Coastal and Tropical South

October, 2012
Regional Report

Favorite or New Plant

Yellow Cestrum
Sunny sites with well-drained soil make a perfect spot for this plant, favored by gardeners for its dozens of tubular flowers that end in sweet stars. Sturdy stems with sprightly pointed leaves resemble tall lilies, but when the flower clusters open, there is no doubt this is a relative of both red cestrum and night blooming jasmine. The structures are the same, but their effect in the garden is wildly different. Yellow cestrum thrives in well-drained soil that has organic matter in it but is also capable of drying out in a few hours after a thunderstorm. In areas where it does not die back, it is wise to clip out some aging stems. The clumps may be ready to dig and divide every other year, but will usually bloom dependably in the third year before becoming too crowded.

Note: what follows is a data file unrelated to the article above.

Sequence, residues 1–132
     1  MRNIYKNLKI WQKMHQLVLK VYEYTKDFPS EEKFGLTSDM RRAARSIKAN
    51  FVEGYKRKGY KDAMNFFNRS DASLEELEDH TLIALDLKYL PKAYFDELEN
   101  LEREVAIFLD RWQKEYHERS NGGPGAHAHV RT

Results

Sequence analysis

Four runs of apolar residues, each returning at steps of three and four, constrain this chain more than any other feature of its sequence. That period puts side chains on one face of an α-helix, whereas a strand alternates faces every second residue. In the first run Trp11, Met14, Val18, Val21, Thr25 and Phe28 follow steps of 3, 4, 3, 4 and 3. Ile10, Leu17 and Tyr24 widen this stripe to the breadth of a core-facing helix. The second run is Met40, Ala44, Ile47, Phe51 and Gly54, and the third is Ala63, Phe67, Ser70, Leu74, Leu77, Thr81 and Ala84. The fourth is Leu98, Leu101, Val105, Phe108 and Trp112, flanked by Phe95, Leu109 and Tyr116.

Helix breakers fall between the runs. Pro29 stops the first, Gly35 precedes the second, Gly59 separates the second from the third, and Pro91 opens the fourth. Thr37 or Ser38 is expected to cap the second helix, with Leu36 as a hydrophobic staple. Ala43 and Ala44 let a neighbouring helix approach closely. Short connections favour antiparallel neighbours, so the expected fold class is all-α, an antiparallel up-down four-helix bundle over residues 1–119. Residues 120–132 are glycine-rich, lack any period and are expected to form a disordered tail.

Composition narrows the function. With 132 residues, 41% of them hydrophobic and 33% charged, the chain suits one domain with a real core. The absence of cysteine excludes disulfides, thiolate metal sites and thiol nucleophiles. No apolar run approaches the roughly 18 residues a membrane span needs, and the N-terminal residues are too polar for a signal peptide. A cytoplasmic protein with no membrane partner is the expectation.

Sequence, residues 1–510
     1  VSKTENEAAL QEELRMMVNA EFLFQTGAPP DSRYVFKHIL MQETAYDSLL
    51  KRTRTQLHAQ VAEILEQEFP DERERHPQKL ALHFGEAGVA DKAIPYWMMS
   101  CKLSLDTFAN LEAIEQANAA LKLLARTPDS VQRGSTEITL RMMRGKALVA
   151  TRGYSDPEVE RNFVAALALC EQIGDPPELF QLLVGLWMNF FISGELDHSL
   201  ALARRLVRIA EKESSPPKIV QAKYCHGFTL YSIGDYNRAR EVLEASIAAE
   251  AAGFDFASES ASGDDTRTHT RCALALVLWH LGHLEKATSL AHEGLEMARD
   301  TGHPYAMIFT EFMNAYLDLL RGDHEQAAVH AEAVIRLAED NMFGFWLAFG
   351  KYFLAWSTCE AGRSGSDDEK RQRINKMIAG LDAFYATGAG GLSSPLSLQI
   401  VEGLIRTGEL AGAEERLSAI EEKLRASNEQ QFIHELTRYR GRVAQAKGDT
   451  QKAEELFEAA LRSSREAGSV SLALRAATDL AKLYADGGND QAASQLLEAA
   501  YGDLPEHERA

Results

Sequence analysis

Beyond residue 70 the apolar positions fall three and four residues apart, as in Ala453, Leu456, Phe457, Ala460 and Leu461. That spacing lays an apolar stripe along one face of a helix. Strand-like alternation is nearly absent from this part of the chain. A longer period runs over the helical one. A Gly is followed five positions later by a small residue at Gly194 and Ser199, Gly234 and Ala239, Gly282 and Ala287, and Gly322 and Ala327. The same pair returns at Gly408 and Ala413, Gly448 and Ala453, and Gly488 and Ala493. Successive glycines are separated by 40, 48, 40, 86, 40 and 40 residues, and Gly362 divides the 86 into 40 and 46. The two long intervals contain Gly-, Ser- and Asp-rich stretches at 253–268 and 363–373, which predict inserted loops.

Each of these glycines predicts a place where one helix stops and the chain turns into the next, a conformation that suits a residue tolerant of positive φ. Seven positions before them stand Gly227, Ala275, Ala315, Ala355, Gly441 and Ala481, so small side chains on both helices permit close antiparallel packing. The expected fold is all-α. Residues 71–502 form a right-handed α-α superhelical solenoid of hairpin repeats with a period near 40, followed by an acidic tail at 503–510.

Clever Gardening Technique

Divide and Amend
Classic garden advice says to amend beds before planting which works well for new beds. Other tips include working in decomposing mulch, a good practice in maintaining perennial and shrub beds. But while shrubs do just fine with that plus annual fertilizer applications, perennials need more to be truly spectacular. Dividing perennials offers best time to rework portions of the bed without disturbing the rest.

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